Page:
So, like I said, attendance was sparse. (Let’s blame it on Halloween weekend.) That was expected, so I appreciate the booking.. I wanna come back and fill the place.

I had a nice moment with a new fan. Shortly before I went on, I was explaining to Richard (of Richard & Kyleigh the homestays/auto repair shuttle) that I rarely play “Sun Dog Ranch Road,” because I have trouble with the fingerpicking. I wrote that song — and many others like it — with musical hooks meant to be played by other instruments. When performing solo, it can be difficult to suggest those hooks with complex “right hand” work, while holding down chords and basslines. (Not to mention singing along with such guitar work.) At the end of the night, a fellow came up to me and said, “Man, you have the greatest right hand!”

Yes! Hard work and concentration pay off.

Shipe Southwest Tour Day 3? 4?

Woke up in a Motel 6 in Blythe, CA. By the grace of desert hospitality (that should be a bluegrass band), I will make my gig tonight in Phoenix at Frank Murray’s Turf Irish Pub.

Yesterday’s Pit Bull fundraiser (at the Franciscan Renewal Center — a real-life monastery) went smoothly, although I was sleepwalking through much of the day. (I shared it with an original band called Arbor Circle, the kind of act that would fare nicely sharing a bill with The Renegade Saints. The singer reminded me of Jerry Joseph, but with a happier vibe.)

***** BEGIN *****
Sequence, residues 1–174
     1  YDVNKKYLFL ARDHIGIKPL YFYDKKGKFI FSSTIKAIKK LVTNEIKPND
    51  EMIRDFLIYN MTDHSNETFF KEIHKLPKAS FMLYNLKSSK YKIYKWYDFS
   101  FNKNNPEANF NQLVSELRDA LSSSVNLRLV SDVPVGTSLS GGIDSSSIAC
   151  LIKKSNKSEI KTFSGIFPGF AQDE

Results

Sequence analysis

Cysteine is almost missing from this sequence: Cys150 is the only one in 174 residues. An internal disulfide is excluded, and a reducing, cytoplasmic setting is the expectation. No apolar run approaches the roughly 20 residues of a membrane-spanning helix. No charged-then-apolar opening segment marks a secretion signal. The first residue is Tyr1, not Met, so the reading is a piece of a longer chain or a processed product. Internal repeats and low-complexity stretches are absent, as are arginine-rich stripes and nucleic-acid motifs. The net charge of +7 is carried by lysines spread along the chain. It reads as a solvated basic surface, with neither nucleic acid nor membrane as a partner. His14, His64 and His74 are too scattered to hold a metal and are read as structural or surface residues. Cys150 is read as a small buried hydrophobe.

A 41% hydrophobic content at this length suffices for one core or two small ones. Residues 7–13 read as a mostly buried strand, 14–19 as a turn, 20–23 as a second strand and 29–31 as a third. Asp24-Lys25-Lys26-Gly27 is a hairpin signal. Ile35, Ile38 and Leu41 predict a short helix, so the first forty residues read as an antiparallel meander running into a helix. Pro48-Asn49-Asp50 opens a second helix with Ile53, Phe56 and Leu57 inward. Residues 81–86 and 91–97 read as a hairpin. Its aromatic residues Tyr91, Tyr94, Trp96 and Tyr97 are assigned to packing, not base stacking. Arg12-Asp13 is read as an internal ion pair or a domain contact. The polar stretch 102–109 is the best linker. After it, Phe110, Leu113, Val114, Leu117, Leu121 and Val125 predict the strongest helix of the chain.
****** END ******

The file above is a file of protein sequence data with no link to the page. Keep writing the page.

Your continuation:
Afterwards, I was fixin’ to catch a Greyhound back to Blythe. But a couple of Mayday volunteers had a different idea; they would drive me. (This means 5 hours out of their weekend, after working their assess off for free all day.)

Ducati Motorbike-mechanic-John & Baja-cycling Curt escorted me back to AZ-CAL border, bought me dinner Denny’s while I waited for Blythe Ace mechanics to finish Saturday races at the local speedway and bring my car to Motel room at 10:30 pm. On the way, John & Curt schooled me on motor sports, both of them experts — John working for GO AZ motorcylces. (Did you know that you get sent to Italy to learn how to work on Ducati’s? And by the way, the owner of GO AZ is also the owner of GoDaddy.com.)